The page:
In an interview with Christianity Today, in 1984, Schuller commented, “The church must develop a theology for mission. I don’t think it’s done that. I accept John 3:16 as a good one if people have a fear of hell. Maybe they have, but I find a lot of secular people haven’t. At what point can I find a button to push so that I can reach them? I think their desire for self-esteem is that button.”[i]
Schuller’s influence within the modern church cannot be underestimated. As his own church grew exponentially, countless thousands of preachers all over the world began to copy his style. The new pop gospel spread around the globe, finding its way into the pulpits of almost all Christian denominations.
The pop gospel is ubiquitous within Christianity today. Preachers from all denominations speak about God wanting to restore broken people, heal past hurts, remove our shame, fulfil our potential, give us a life of purpose, help us achieve our dreams and do extraordinary things. Even conservative evangelical churches who decry many of Schuller’s liberal excesses, have been subtly influenced by the pop gospel movement, evidenced by the rarity of sermons dealing with sin, judgment, hell and the need for repentance. The paucity of sermons dealing with these topics is completely disproportional to the proliferation of these themes in the Bible, including within the teachings of Jesus himself.
The modern pop gospel embraces many concepts derived from pop psychology, particularly the concepts of self-esteem and intrinsic self-worth. Preachers will proclaim that you are a person of infinite worth with incredible potential, and that God’s plan is to set you free from the insecurities, hurts, doubts, failures and fears that are holding you back, and enable you to become the person you were meant to be. The fact that some of you reading this blog may be wondering what is wrong with this type of message indicates how effective and pervasive this modern indoctrination has been.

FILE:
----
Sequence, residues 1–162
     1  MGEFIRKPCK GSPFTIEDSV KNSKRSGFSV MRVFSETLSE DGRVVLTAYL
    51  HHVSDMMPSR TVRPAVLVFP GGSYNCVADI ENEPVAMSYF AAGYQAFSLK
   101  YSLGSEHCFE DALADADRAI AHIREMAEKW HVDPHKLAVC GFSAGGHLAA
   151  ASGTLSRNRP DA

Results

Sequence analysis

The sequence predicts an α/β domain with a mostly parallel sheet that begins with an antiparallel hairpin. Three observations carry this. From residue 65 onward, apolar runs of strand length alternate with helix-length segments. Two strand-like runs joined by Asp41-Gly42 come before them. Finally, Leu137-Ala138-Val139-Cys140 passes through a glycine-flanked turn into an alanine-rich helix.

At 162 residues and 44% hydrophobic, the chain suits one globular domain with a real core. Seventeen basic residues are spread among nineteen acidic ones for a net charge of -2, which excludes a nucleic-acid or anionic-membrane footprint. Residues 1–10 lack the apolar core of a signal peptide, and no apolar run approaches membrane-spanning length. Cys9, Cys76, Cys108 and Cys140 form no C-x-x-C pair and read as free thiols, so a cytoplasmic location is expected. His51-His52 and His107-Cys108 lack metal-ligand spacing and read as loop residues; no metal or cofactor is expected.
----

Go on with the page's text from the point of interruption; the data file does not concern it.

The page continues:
Over the next few weeks I want to compare the true gospel of the Bible with the pop gospel of modern Christianity. In some instances, it may seem that the differences are insignificant, mere matters of nuance and semantics, but I hope to demonstrate how utterly destructive these embellishments are to the truth of the gospel and to its intrinsic power to save people from hell.
The next parts of this series are:
Part II – What Is Our Intrinsic Worth?
Part III – What Are We Saved From?
Part IV – What Are We Really Saved From?
Part V – How Are We Saved?
Part VI – What Are We Saved To?
Part VII – The Curse Of The Shallow Sermon
Part VIII – Modern Proponents Of The Pop Gospel
Part IX – Foundational Flaws Of The Seeker Friendly Movement
Part X – Responding To The Pop Gospel
NOTE: I don’t claim to have coined the phrase, “Pop Goes The Gospel”. A book of that title was published in the 1970’s, decrying the influence of rock and pop music in church music. That is a different topic to the subject being addressed in these papers, and one with which I am not in complete accord. But the phrase is entirely appropriate for a discussion of the development of the sugar-coated, popularised, post-modern version of the gospel that is so prevalent today.
[i] Robert Schuller interviewed in Christianity Today, Aug. 10,1984